Tamara/Vera/Borap series, but with one importantimprovement—the ability to locate a target in three dimensions,something vital for targeting air defence weapons. Like the newgeneration air defence, this new system is highly mobile and difficultto locate and destroy in combat.

In addition, the land-based sensor part of the PLA air defenceC3ISR network is being supplemented by fixed high speed fibre opticlinks that provide interconnections that are immune to electronicintelligence intercepts and radio frequency jamming. But a recent andunique addition has been the deployment of indigenous TS-504 mobiletropospheric scatter (troposcatter) communications terminals, which aremodelled on US Army equipment that was the employed by US land forcesduring the Desert Storm and Iraqi Freedom Campaigns. These troposcatterterminals appear to be being used to connect mobile radars and missilebatteries to the fibre optic network, which increases their ability tosurvive air assaults, and without the cost penalties and electronicvulnerabilities of satellite links or microwave relays.

The airborne C3ISR segment has also seen investment, with threeconcurrent programmes to develop AWACS/AEW&C capabilities.Following the abortive KJ-1 effort, the PLA invested in developing aconventional system carried by the Y-8. This system was supplanted bythe KJ-200, which uses electronically steered active phased array radartechnology that’s two generations ahead of the mechanically steeredtechnology used by the US.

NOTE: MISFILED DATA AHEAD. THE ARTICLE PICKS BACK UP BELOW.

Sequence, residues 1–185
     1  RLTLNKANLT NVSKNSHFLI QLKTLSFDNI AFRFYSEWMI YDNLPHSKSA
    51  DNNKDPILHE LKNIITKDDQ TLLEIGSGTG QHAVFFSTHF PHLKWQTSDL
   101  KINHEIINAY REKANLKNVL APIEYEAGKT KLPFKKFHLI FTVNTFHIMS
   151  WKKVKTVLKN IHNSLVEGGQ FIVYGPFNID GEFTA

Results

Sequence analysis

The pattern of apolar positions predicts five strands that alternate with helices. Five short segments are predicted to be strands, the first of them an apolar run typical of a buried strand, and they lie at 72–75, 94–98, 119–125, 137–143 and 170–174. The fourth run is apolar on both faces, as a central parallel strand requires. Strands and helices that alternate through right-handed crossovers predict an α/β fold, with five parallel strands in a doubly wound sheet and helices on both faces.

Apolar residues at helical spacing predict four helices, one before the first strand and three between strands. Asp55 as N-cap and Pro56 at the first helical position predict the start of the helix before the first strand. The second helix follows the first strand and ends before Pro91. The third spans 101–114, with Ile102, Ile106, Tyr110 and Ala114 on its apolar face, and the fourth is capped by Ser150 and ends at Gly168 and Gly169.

The much larger KJ-2000 AWACS, which also uses active phased arrayradar, is directly modeled on Israel’s A-50I and Elta Phalcon radar.The PLA had actually negotiated the purchase of the A-50I, only to havethe Clinton administration block the sale, resulting in an acrimoniouswar of words. As a consequence, the Chinese made a national commitmentto build their own—resulting a decade later in the recently deployedmilestone of the KJ-2000.

All this means that China is deploying a modern, high technology airdefence system based largely on the same or more advanced basictechnologies used by the US, EU and Russia in their systems.
Once fully deployed and matured, this system will be effectivelyimpregnable to regional air forces, and largely impregnable to US navalair power, itself the victim of chronic underinvestment. Indeed, thetechnology being deployed in strength by the PLA is so sophisticatedthat only the small planned inventory of US Air Force B-2A Spirit andF-22 Raptor aircraft will be capable of confidently penetrating apost-2015 PLA air defence network.